More Than 200 Deported as Census Continues

The Ministry of Interior has deported more than 200 foreign nationals over the past two months as part of its ongoing nationwide census, according to Sok Phal, director of the ministry’s immigration department.

“We have taken action against immigrants who do not have documents over the past two months and sent back 200, including white, black, Vietnamese, Thai and Chinese people,” General Phal said at a press conference in Phnom Penh on Monday.

“We are taking action in three areas,” Gen. Phal continued. “First, we are controlling the immigrants who have expired documentation …. Second, we are surveying people who are in Cambodia who have documents, and third, we are taking action against the ones who do not have documents and sending them back [to their home country].”

The Interior Ministry’s census was launched last month, at the same time the government announced efforts to ramp up enforcement of existing laws that require foreigners employed in the country to hold work permits.

Uch Sothearath, deputy police chief in Phnom Penh in charge of immigration, said the census is currently underway in the capital, but that he could not estimate when it might be completed.

Pal Sauth, deputy police chief in Kompong Chhnang province, which is home to a large number of ethnic Vietnamese living on the Tonle Sap lake, said the census had just begun in the province.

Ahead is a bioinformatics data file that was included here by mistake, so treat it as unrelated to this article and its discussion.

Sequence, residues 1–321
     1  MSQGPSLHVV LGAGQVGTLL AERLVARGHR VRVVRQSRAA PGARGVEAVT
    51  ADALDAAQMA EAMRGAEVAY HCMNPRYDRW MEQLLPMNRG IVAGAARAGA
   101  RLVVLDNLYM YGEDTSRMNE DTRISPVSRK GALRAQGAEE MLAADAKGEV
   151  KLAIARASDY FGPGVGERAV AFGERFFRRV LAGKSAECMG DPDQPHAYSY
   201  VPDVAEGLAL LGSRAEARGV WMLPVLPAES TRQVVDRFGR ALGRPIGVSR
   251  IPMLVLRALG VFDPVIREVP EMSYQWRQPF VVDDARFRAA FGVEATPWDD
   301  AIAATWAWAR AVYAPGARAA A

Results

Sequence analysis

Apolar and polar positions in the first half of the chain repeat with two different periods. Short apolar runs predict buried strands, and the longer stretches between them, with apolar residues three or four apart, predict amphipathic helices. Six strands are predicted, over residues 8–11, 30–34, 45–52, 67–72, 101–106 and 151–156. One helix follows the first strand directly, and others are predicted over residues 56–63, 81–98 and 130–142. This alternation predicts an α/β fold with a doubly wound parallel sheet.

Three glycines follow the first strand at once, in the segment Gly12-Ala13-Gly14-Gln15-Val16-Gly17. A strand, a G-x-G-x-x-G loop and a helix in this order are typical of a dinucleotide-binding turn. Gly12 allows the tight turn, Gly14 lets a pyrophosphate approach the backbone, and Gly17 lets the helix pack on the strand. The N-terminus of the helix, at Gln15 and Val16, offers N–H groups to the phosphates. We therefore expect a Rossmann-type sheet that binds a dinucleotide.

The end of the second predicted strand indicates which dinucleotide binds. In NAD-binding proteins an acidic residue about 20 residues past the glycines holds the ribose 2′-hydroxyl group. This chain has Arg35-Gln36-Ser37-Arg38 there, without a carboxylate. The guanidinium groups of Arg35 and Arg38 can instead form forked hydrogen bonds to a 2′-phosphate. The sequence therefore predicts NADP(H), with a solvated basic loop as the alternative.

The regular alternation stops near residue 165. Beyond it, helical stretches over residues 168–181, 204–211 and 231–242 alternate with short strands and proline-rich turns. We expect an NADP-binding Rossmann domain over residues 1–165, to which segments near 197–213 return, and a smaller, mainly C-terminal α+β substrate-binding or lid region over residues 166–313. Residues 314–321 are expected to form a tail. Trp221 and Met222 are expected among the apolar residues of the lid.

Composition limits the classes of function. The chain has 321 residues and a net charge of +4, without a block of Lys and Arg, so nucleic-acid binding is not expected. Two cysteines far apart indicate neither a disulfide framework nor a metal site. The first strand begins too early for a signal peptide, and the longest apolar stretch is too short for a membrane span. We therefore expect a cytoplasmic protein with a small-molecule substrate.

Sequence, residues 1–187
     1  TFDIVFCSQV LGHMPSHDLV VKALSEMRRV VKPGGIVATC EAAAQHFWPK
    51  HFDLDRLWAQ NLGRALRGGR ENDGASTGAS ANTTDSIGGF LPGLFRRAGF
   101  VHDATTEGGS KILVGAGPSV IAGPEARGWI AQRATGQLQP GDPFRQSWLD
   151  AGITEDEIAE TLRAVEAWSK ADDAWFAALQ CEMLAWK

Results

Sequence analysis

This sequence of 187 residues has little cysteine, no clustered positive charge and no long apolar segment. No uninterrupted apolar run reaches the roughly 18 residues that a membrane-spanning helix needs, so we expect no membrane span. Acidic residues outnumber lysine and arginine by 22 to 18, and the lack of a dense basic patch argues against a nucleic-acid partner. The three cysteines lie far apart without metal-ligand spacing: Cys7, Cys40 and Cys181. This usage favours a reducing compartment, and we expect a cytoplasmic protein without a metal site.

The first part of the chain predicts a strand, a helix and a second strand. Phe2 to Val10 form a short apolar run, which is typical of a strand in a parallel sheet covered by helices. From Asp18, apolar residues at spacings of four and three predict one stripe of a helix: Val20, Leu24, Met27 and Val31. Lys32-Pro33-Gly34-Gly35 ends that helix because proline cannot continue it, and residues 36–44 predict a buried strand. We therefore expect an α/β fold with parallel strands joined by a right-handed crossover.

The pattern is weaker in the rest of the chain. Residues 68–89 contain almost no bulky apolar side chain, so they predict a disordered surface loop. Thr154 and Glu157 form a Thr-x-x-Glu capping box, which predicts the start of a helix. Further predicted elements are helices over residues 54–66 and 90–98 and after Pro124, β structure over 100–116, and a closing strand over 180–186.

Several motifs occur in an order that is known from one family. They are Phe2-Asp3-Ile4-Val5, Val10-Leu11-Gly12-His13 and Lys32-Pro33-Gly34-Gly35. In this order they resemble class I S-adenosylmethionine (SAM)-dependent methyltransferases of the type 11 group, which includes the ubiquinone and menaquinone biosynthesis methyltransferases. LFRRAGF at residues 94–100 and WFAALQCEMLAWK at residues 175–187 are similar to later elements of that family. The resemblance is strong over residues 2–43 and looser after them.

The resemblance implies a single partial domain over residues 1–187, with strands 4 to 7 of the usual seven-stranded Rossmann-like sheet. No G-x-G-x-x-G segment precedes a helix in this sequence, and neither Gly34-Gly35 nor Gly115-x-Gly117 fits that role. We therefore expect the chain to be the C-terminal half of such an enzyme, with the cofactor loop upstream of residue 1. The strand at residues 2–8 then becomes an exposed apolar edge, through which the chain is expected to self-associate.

“We cooperated with the general immigration department to begin the census today,” he said. “We went down to Boribor district first.”

Police in Banteay Meanchey and Kompong Thom provinces said Monday that they have completed the census there and are compiling data to send to the immigration department in Phnom Penh.

Since it began campaigning for the 2013 national election, the opposition CNRP has made immigration reform a top policy priority, calling for a survey of foreign nationals in Cambodia and stronger enforcement of immigration laws.

In July, Interior Ministry spokesman Khieu Sopheak told Voice of Democracy that the government would work with the CNRP to review immigration laws and provide estimates for the number of foreigners in the country.

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